A Revolution of the ‘Untouchables’ in India
Indian activists from the Scheduled Castes and Scheduled Tribes (ST/SC) organization demonstrate in support of India’s Dalit or lower caste in New Delhi on May 9th, 2014. (Photo: Raveendran/AFP/Getty Images)
Members of a new generation of lower-caste Indians are poised to make major changes in the world’s biggest democracy.
By Sunaina Kumar / 10.10.2016
What should be the cover story this month? Ashok Das is pondering this question at the office of Dalit Dastak, a monthly magazine and news website dedicated to the issue of social justice for Dalits — the untouchables, members of India’s lowest castes. The one-room office is located in a crumbling building in a residential colony in east Delhi. As the editor, chief reporter, and publisher, Das will make the decision on his own. He lists the choices: the ongoing protests within the Dalit community, the role of social media in fomenting the protests, the rise of Dalit youth politics on campuses, and a new generation of middle-class Dalits asserting their identity.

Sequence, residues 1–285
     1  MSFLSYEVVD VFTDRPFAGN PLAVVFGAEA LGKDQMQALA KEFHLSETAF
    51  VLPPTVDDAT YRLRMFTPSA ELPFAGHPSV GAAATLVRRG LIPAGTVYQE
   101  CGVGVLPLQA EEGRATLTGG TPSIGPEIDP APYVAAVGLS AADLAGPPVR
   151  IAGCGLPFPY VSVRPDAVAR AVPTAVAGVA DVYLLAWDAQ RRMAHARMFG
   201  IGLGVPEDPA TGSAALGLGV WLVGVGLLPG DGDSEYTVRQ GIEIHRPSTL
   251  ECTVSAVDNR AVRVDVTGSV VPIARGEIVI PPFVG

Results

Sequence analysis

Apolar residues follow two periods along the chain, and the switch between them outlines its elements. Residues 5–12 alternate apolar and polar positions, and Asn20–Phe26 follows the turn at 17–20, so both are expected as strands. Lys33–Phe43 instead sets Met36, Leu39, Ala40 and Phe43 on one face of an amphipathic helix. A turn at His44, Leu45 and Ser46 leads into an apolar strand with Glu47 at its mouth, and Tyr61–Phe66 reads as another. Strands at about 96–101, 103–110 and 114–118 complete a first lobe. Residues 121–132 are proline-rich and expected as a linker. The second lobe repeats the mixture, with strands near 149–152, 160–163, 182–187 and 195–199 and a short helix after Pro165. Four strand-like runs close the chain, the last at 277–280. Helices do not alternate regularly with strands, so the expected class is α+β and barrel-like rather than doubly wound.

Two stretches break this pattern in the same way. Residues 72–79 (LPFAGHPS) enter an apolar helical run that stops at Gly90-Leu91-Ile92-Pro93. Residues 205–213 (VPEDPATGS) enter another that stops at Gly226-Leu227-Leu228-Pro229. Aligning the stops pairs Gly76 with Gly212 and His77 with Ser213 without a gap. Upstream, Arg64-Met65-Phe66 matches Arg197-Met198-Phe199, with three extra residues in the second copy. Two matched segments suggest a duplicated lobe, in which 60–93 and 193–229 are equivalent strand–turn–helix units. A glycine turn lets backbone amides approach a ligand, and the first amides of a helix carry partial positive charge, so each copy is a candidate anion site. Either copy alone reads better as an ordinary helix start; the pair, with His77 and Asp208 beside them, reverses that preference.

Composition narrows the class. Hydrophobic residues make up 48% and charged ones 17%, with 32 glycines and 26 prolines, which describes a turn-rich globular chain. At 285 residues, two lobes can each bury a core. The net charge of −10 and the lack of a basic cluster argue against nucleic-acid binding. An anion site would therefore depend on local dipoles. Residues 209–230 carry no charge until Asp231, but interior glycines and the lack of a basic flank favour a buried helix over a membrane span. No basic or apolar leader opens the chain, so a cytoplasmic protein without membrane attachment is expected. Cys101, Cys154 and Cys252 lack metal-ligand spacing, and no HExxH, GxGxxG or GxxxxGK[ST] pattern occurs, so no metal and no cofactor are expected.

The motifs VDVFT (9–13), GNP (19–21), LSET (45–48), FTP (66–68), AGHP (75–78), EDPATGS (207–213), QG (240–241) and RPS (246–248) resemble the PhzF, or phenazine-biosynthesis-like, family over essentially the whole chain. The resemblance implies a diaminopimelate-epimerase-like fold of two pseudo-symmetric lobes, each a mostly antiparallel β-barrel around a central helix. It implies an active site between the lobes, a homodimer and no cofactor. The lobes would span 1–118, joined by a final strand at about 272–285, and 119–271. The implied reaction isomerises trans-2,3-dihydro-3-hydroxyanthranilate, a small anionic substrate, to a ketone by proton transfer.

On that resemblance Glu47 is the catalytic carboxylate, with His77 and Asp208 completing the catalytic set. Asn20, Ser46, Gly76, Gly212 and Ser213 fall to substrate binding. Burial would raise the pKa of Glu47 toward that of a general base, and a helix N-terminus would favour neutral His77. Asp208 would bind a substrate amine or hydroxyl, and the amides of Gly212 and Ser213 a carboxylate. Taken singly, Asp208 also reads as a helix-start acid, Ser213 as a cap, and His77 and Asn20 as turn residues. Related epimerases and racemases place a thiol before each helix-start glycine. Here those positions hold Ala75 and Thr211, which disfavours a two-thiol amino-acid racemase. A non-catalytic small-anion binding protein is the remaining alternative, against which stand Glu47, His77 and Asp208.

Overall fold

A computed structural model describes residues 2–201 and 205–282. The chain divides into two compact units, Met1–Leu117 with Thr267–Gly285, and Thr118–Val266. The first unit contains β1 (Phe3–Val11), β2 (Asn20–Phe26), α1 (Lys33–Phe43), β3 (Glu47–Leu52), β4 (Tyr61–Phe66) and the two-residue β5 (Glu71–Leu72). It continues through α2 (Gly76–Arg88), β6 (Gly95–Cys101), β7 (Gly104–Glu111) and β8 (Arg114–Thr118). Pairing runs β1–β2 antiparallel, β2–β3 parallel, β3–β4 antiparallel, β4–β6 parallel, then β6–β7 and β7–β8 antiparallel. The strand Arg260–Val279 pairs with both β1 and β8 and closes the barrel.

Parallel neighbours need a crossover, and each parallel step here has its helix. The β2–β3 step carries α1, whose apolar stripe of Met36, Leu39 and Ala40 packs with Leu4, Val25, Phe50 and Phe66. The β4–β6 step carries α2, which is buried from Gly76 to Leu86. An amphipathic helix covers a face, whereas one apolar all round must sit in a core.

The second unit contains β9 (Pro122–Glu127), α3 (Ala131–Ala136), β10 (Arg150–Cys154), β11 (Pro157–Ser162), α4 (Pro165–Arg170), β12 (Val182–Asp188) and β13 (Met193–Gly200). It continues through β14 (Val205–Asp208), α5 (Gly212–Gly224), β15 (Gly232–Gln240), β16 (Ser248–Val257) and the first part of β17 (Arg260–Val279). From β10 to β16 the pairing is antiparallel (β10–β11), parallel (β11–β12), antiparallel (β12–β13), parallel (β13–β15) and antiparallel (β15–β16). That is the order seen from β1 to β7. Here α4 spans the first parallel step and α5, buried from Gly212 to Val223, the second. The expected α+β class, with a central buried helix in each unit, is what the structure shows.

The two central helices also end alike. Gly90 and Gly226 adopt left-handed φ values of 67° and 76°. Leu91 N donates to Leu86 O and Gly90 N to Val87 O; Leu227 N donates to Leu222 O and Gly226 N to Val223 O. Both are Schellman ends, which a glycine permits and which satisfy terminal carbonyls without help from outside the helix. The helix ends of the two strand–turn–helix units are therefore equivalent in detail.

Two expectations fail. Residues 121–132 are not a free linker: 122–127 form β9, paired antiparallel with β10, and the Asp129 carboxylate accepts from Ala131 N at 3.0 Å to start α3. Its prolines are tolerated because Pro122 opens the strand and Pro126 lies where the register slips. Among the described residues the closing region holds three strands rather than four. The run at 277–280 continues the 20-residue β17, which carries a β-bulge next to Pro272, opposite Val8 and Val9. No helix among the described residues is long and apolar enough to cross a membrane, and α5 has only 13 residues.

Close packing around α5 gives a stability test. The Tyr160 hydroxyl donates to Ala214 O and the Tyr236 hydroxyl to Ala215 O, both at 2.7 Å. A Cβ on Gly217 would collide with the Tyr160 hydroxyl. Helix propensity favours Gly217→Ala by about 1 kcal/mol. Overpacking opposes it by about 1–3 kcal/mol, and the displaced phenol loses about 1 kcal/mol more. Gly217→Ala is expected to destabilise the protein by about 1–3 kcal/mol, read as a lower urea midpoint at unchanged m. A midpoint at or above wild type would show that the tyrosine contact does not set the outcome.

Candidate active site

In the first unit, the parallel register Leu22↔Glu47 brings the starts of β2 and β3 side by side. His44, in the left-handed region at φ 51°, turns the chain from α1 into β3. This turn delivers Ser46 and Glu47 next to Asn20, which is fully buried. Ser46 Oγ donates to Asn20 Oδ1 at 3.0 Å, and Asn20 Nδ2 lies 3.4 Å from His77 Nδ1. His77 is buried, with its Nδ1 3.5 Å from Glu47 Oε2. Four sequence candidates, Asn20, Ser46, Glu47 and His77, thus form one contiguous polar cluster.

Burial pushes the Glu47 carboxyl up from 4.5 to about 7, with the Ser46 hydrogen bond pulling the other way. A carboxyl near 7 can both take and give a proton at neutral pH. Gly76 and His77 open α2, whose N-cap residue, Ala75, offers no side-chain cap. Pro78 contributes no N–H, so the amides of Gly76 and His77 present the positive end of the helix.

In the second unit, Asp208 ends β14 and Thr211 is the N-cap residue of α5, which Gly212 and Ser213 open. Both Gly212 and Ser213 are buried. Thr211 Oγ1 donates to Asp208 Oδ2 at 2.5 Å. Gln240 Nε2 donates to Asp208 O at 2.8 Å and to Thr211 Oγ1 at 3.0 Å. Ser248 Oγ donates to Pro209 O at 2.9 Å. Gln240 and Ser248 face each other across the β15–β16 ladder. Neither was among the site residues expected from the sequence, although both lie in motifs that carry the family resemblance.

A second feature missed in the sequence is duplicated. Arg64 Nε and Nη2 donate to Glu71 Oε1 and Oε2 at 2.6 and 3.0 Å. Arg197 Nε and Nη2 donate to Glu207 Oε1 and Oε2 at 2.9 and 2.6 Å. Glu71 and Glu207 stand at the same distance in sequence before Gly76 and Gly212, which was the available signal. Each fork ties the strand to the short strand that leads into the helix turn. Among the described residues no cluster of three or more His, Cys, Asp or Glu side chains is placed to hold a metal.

“This anger had to come out; we have been weak and powerless for too long,” says Das, a 32-year-old Dalit who says he gave up his job in mainstream media after he faced discrimination in the newsroom. “We are now ready to hit back.”
Caste has long been India’s dirty secret, its hidden apartheid.
The same anger is reverberating across India. It started with a video, posted on social media. Four young men, stripped to the waist, chained to a vehicle, paraded in public and thrashed for hours, by a gang of cow-protection vigilantes wielding iron rods. The victims, flogged for having skinned a dead cow, are Dalits, who were only doing their job — one that upper-caste Hindus consider impure: The cow is a sacred animal for Hindus in India, where many states have banned the slaughter of cows and the eating of beef; the disposing of dead animals, and their skinning to produce leather, has been carried out by Dalits for generations. The situation has become increasingly fraught, as cow-protection vigilantes, belonging to dominant castes and egged on by a right-wing government in power, have found a way to torment Dalits in the name of the holy cow.